Modern medicine has lengthened our lives, but unfortunately, many older people physically deteriorate to a level that makes them vulnerable to minor health setbacks. Frailty is a syndrome marked by weakness, poor mobility, a slow gait, and excessive fatigue. Frail individuals are unable to adequately recover from physical activity or a challenge to their health. Minor illnesses send them to the hospital, nursing home, or assisted living center. Frail individuals are often unable to tolerate beneficial medical procedures and must live with pain and physical restrictions. Frailty is a problem that responds very well to treatment.
In the 65 year old plus population, frailty syndrome is common. Fifteen percent of the non-nursing home population is frail and forty five percent is pre-frail. Frail individuals are far more likely to fall. Forty percent of the frail and twenty two percent of the pre-frail individuals are hospitalized every year. Frailty is a marker for adverse health outcomes and a means of identifying opportunities for intervention in patient care.
Physical activity has been shown to be the best preventative and treatment for frailty. Patients bounce back from surgery much better if they under take a program of prehabilitation exercise prior to surgery. Research on rehabilitation has demonstrated the benefits of exercise to restore strength and mobility in the frail population. Take the time to read, One Last Question Before the Operation: Just How Frail Are You? by Paula Span in the October 27, 2017 issue of the New York Times. Read the article here: https://www.nytimes.com/2017/10/27/health/elderly-surgery-frailty.html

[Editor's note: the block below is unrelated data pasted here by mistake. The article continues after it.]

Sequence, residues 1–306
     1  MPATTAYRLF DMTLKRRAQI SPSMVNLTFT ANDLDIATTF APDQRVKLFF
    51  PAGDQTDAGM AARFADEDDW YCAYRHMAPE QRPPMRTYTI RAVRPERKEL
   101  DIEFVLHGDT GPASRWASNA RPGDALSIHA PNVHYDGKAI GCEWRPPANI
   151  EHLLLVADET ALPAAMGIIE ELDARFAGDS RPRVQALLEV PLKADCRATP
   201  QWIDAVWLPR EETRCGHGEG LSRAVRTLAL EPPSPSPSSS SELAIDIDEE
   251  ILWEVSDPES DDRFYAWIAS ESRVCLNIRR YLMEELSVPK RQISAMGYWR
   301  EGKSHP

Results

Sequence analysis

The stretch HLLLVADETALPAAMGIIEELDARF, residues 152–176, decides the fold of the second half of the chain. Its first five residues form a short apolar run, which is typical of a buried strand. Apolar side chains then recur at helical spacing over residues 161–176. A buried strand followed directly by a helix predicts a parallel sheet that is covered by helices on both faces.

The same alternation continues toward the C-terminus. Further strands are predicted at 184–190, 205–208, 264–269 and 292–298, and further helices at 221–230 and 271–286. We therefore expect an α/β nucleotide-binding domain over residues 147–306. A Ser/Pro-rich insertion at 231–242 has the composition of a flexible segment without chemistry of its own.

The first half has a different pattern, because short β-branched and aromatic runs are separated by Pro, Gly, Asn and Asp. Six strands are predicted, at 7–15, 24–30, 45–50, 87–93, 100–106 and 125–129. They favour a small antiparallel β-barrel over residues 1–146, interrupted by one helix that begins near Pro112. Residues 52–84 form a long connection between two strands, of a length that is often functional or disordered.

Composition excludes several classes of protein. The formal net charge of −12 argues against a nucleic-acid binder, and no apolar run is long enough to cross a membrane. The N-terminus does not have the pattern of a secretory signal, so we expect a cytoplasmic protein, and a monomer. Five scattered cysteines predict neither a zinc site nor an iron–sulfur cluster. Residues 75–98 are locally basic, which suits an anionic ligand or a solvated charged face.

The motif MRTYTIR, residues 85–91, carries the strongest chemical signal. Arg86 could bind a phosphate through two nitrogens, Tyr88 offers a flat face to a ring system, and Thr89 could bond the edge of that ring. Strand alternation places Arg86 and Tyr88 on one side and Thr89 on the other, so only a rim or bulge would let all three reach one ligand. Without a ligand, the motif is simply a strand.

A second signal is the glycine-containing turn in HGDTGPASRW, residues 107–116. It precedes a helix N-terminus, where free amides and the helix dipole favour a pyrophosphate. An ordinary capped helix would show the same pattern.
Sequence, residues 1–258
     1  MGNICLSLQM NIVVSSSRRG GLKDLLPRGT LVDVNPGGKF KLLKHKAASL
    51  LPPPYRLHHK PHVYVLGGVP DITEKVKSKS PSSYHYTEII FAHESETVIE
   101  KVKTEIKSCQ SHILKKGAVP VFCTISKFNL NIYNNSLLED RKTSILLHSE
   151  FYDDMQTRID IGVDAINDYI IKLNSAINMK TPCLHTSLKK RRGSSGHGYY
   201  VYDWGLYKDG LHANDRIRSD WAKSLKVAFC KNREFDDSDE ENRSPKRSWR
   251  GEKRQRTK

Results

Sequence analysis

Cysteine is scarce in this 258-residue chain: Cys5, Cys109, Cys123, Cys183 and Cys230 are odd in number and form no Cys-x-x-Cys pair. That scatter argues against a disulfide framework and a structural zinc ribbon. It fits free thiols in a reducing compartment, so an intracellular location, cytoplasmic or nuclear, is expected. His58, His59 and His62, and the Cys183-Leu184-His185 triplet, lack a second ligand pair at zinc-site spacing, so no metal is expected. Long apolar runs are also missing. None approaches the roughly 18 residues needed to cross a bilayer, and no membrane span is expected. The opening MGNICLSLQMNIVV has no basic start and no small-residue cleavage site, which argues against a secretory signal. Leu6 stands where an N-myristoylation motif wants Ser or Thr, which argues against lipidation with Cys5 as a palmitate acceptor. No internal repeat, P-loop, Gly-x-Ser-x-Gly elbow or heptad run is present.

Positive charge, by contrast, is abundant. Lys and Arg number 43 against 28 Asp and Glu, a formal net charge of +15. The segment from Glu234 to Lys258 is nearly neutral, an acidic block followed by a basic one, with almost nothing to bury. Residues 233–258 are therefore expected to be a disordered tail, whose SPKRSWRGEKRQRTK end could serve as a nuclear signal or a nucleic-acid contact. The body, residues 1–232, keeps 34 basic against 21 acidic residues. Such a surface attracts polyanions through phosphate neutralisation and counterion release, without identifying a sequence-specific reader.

In the senior population, fitness activities must focus on training that maintains functional mobility and an independent lifestyle. You need to stand up and train to be a more graceful and competent walker. Practice drills that improve your capacity to transfer from the floor to standing. Always include balance and reaction exercises that keep you free from falls. Foremost are strengthening activities that maintain bone density and restore capacity to lift, carry, push, and pull.
Michael S. O’Hara, PT, OCS, CSCS
* New York Times, One Last Question Before the Operation: Just How Frail Are You? Paula Span, October 27, 2017
Advice From The Experts At Fenton Fitness/Fenton Physical Therapy
Tara Parker-Pope wrote a great article in the October 17, 2016 edition of The New York Times entitled “The 8 Health Habits Experts Say You Need in Your 20s.” While I agree with some of these recommendations, we at Fenton Fitness and Fenton Physical Therapy have some suggestions of our own.
#1—Don’t do dumb stuff
The cumulative injuries you suffer in your twenties echo through a lifetime. My long and busy career as a physical therapist has taught me that this is true. The 20 year old with a knee arthroscopy returns as a 32 year old with a ligament reconstruction and then again as a 50 year old knee replacement patient. Surgery and rehab can only do so much. Resist participation in the “hold my beer” events that inevitably present themselves in the social lives of 20 year olds. Think twice before you enter that Gladiator Challenge Race, swing from that rope suspended over a river, or text and drive. Your sixty-year old self will thank you.
-Mike O’Hara, Physical Therapist for the last 32 years. Fitness coach and board certified orthopedic specialist
To read the article, click on the link below:
Listen to Mike’s advice: https://youtu.be/8JCtFzj539M